College Confidential’s “Dean,” Sally Rubenstone, put together 25 of her best tips. So far, the "25 Tips from the Dean" eBook has helped more than 10K students choose a college, get in, and pay for it. Get your free copy: http://goo.gl/9zDJTM
First off, I'm a total noob when it comes to grad school admissions (forgive me, I'm busy trying to transfer to another undergrad school). I'm a freshman majoring in Psych(Behavioral Neuroscience/Quantitative Bio/Bioinformatics superconcentration), but am taking upper level Psych, Math(finishiing up diff Q), and Chem classes atm(i plan to take the highest level bio+psych classes at wherever I end up by the time i graduate in 2013).
So does anyone know schools with the most prestigious biotech MA programs? How selective are these programs compared to undergrad frosh/transfer admissions at top 20 schools? Does the reputation of my undergrad matter? Or is it like law school where they care almost solely about your GRE score and GPA? Do you need to take more than one GRE( biology) subject test (if it varies from school to school then nvm)? What kind of research should I do to make myself a better applicant? I know working at *actual* biotech companies is ideal, but it seems like only people with BAs can find work in one. I'm mainly interested in the research/new technologies aspect of the field rather than management/legal matters. That being said, should I throw in a bunch of relevant econ classes into my courseload over the next 3 years?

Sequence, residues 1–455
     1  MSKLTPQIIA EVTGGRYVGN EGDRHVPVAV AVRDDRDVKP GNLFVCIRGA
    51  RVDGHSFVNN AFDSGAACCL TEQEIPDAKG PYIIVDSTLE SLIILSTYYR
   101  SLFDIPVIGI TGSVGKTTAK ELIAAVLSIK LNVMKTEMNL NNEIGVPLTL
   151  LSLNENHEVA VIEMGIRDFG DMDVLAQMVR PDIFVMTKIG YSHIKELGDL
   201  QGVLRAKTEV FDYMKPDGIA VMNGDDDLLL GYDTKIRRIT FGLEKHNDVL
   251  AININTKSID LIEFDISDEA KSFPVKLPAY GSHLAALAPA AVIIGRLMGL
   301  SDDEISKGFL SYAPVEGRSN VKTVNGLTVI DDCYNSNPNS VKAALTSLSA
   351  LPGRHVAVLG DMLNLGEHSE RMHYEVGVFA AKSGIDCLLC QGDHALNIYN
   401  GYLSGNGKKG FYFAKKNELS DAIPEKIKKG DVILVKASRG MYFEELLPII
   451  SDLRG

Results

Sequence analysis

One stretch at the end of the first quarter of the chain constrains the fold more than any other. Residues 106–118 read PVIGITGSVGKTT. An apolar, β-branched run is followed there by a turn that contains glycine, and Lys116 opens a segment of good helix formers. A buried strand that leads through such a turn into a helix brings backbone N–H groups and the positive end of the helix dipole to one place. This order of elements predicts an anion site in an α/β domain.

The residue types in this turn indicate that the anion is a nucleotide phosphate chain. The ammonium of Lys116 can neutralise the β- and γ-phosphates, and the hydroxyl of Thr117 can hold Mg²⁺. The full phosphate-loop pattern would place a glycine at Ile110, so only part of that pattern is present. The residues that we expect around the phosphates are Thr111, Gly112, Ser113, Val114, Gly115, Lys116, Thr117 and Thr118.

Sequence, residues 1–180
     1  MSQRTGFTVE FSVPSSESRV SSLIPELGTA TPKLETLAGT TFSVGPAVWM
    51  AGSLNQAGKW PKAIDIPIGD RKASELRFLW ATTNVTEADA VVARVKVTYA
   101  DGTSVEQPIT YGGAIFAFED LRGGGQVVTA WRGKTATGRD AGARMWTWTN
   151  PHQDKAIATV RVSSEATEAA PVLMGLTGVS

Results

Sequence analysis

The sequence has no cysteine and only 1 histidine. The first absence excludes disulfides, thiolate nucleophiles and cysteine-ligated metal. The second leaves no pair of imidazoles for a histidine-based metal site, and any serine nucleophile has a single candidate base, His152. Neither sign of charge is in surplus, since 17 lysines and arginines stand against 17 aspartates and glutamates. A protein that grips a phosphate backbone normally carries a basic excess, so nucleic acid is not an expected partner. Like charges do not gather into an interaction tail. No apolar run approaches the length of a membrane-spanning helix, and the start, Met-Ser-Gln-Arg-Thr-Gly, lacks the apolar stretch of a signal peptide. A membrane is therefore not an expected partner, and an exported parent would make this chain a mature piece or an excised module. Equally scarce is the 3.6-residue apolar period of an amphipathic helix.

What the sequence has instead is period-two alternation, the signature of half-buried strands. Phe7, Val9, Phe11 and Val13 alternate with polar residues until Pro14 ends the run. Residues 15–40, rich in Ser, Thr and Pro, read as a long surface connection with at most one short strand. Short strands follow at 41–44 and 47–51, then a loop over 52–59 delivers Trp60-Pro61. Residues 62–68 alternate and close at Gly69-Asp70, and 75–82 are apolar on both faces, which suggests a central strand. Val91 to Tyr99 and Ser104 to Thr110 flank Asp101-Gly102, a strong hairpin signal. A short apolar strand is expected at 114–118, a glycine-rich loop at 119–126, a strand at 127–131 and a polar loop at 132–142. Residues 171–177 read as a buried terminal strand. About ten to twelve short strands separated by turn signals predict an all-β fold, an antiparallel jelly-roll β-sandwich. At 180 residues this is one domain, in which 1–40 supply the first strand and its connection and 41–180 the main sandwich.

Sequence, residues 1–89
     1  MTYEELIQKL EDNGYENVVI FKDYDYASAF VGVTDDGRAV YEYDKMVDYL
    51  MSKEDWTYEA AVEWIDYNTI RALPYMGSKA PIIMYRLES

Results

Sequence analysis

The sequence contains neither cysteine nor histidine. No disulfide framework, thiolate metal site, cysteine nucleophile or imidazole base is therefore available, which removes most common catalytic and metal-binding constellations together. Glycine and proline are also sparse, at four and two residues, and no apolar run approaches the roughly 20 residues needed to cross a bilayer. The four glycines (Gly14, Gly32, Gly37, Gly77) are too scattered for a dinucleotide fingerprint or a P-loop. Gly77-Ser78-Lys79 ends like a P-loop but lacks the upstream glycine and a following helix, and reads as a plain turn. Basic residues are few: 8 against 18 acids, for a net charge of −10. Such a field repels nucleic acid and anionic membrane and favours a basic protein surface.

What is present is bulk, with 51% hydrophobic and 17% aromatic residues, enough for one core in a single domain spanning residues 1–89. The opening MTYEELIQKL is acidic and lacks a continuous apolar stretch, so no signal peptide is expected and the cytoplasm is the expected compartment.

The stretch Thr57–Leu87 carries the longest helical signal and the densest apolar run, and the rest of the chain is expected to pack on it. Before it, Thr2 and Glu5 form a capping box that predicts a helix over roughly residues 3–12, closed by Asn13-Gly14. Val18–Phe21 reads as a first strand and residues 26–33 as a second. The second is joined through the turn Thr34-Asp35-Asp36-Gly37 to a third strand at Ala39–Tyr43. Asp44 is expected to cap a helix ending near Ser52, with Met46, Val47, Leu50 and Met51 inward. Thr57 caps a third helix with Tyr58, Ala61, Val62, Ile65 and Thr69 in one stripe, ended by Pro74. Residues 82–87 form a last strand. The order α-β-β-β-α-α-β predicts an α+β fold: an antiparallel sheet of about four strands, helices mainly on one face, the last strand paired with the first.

Any help would be appreciated, because I want to get a sense of what I should do to make myself ultra,ultracompetitive for grad school in 3 years. I want to get an MA or MS in a one year program, then apply to med school (I want to practice while working on technology...weird I know). But i heard that grad degrees in these field are generally awarded on the basis of the applicant doing a pHD right after...is this true? I don't want to go for a pHD b/c med school is 4yrs school+up to 7 years residency+2years fellowship if your ambitous...not to mention the ridonkulous debt. that's why a one year program in a lucrative field sounds good to me, since if med school doesn't work out, i can still do lots of research/development stuff.
ok now that's the end of my oodles of questions/noobness